Of course, as witness the vacuous platitudes of Pope Francis, Christian compassion is a case—perhaps the case—of sentiment masked as morality. Heedless of the foreseeable results, Christians urge unqualified mercy to all. What this amounts to is a mirror image of Islamo-fascist zealotry: the overruling of real-world considerations in favor of inflexible dogma. What I am saying is that such sweet Christian “political snake-handling” plays right into the violent hands of those who will sooner or later take advantage of it. But Joachim Kahl (The Misery of Christianity, 1971) was right: What do you expect from a religion whose moral epitome is a man surrendering himself to death? “What, after all, is the cross of Jesus Christ? It is nothing but the sum total of a sadomasochistic glorification of pain.” Does not Harvard theologian Gordon D. Kaufman say much the same thing? “In the cross were found meekness and submission, nonresistance to evil, self-sacrifice: and the resurrection meant that just this cross was the very revelation of God’s inmost nature” (in his Systematic Theology: A Historicist Perspective).

But it’s even worse than that, I’m afraid. Hardin bids us picture a lifeboat in a pitching sea, filled to capacity while many others are swimming and sinking in the surrounding waters. You see swimmers approaching and demanding to be taken aboard, but there is no room! What do you do? Your fellow soaked and sodden passengers start beating them away with their oars. But your conscience urges you to jump overboard to make room for one more. Never mind that your replacement is likely to lack your tenderheartedness. You will simply have extinguished the last ember of conscience in the boat, and from there on in, it’s Lord of the Flies. Congratulations.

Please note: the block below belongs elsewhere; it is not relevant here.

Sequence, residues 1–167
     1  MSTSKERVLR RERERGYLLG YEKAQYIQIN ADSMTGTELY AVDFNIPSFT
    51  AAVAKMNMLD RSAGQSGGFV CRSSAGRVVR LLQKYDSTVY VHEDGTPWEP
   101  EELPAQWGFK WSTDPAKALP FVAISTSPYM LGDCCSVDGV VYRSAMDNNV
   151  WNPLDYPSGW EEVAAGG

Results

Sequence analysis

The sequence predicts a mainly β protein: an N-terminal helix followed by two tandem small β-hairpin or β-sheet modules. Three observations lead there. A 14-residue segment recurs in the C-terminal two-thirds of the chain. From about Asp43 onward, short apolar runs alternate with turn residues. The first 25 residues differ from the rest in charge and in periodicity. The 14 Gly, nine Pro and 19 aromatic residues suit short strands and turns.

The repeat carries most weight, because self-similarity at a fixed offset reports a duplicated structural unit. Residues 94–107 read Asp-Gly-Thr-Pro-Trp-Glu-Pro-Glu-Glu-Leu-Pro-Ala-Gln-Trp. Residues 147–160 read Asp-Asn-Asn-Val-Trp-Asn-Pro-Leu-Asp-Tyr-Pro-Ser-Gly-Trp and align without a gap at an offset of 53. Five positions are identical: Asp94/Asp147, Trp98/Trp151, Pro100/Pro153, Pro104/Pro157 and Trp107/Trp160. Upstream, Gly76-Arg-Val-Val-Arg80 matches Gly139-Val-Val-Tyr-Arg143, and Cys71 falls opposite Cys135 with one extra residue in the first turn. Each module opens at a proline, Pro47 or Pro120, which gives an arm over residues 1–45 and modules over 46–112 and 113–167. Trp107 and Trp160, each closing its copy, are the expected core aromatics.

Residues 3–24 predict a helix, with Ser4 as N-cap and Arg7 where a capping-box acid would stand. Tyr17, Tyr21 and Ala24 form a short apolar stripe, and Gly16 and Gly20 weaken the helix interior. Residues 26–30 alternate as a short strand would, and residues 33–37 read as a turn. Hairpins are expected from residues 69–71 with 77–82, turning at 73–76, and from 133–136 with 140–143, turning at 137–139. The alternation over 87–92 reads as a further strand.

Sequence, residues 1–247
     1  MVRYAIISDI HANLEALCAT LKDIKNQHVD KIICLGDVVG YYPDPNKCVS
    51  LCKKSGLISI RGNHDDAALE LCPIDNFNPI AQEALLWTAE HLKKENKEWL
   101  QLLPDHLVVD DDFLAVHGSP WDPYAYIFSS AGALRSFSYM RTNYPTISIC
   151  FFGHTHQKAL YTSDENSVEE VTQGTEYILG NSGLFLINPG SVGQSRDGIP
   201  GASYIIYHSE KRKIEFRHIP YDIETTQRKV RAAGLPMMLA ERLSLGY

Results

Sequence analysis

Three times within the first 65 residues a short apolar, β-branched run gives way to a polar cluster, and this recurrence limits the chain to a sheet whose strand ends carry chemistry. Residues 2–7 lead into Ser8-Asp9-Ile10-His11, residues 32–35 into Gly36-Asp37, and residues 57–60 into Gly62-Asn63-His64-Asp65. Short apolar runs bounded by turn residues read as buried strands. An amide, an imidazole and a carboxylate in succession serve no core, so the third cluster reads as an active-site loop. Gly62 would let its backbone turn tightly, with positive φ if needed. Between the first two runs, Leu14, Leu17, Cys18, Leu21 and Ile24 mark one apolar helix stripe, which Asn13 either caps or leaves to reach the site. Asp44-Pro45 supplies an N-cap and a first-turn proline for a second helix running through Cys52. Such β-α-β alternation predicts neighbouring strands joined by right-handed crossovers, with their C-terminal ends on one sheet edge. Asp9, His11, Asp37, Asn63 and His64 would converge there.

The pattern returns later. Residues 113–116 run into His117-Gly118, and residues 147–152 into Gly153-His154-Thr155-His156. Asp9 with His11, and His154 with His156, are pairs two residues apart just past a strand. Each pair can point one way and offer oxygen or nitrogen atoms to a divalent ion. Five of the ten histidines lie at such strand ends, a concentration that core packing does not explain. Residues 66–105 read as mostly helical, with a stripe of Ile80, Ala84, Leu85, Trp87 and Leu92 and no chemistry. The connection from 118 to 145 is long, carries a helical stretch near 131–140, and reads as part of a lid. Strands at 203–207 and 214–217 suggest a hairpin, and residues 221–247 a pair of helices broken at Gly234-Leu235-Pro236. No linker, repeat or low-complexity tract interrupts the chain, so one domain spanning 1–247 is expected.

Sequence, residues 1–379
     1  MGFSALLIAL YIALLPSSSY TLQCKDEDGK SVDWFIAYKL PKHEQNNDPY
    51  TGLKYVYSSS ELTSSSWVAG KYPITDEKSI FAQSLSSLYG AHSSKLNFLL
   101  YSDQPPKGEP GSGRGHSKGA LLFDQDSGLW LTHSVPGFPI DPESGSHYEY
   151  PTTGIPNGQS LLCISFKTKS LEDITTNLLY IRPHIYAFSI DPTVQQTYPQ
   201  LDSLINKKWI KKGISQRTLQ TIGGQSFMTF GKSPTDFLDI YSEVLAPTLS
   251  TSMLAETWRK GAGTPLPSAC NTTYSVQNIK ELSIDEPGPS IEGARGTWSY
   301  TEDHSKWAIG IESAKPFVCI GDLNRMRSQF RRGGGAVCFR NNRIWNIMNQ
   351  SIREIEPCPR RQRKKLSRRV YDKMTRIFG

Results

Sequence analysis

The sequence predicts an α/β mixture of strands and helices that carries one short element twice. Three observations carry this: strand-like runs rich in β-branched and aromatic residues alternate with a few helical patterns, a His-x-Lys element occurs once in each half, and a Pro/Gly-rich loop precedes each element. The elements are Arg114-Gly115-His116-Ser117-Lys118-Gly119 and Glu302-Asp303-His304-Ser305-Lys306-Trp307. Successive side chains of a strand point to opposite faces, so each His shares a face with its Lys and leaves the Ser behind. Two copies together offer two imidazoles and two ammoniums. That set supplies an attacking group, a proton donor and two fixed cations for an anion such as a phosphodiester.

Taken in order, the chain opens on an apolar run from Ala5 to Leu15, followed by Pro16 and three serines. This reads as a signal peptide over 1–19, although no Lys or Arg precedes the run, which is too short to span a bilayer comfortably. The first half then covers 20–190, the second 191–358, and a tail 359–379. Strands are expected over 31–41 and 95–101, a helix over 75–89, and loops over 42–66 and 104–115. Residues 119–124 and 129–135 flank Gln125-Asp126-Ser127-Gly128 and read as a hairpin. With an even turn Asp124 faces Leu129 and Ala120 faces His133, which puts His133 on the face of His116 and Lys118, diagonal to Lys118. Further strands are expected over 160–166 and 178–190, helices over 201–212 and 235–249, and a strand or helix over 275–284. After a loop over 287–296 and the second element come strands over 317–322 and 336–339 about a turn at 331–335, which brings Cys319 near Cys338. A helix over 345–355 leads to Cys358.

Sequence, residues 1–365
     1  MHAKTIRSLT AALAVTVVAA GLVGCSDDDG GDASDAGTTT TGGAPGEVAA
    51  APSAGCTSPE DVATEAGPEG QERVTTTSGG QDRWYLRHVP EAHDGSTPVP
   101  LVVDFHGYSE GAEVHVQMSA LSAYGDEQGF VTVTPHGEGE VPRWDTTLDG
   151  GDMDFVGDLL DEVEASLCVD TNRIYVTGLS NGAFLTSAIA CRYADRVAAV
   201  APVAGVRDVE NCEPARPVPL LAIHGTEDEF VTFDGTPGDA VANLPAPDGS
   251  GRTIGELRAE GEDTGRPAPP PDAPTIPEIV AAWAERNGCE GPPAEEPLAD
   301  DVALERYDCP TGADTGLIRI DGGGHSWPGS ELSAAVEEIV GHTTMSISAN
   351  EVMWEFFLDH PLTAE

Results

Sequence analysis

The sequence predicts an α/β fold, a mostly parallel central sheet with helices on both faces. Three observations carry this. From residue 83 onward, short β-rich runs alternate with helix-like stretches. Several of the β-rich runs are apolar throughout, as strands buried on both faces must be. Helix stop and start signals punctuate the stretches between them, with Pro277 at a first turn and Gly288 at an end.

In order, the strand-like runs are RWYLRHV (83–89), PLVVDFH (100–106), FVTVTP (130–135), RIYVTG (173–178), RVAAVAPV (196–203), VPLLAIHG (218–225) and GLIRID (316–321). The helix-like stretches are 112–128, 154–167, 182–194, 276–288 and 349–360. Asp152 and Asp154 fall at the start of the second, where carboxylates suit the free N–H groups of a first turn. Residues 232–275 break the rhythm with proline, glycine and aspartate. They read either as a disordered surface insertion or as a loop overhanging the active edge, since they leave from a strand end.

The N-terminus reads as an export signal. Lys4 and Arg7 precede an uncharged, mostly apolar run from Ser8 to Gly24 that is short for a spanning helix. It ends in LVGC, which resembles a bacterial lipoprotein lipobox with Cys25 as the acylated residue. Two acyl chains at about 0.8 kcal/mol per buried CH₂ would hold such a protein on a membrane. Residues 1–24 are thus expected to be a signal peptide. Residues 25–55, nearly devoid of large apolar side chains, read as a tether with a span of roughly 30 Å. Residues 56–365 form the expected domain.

The same issue arises when we consider the naïve absurdity of pacifism. You’re too pure to bloody your hands fighting Nazis? You’re only aiding their efforts, you fool! What a moral accomplishment.

But the rising tide of Muslim refugees from a region already ablaze with sectarian violence and insanity is not quite like that. The vast majority of refugees harbor no murderous aims. Of course not. But if you don’t think they embody a serious threat to Western civilization, take a long look at Western Europe and the cultural compromises it has already made. Europe is already morphing into Eurabia. Sweden is the prime case of cultural suicide and self-hatred. France welcomed an influx of North African Muslims years ago just to have worker bees to do their dirty work. The shrinking French population will bequeath its once-great civilization to those indifferent to it or contemptuous of it. Wait and see the bonfire of the vanities when the heirs of France turn the Louvre into a mosque. I hope I don’t live to see it.

To bring the issue to a point: we must decide whether quantity matters more than quality, whether the maintenance of Western Enlightenment values is worth sacrificing human lives, whether ours or others. Most of us have no difficulty deciding when it is a question of standing up against armed invaders. But I suggest the issue is no different when the invaders are desperate seeker
s of a too-costly mercy. It is analogous to a mass of plague-bearers at the door. They’re already doomed; will it help them if we join their number? I for one do not fancy playing the role of the bleeding heart Father Panelou in Camus’s The Plague (another prophetic novel), who so sympathized with the plague sufferers to whom he ministered that he felt guilty not being one of them and then psychosomatically induced the symptoms and succumbed to them.

This essay was reprinted with permission from Robert M. Price’s blog Zarathustra Speaks.

Robert M. Price

Robert M. Price is the author of Beyond Born Again: The Incredible Shrinking Son of Man, The Case Against ‘The Case for Christ,’ and other books. He is also the host of the podcasts The Bible Geek and The Human Bible.


Jean Raspail’s novel  The
Camp of the Saints was not clairvoyant, but in 2015 it sure seems prophetic.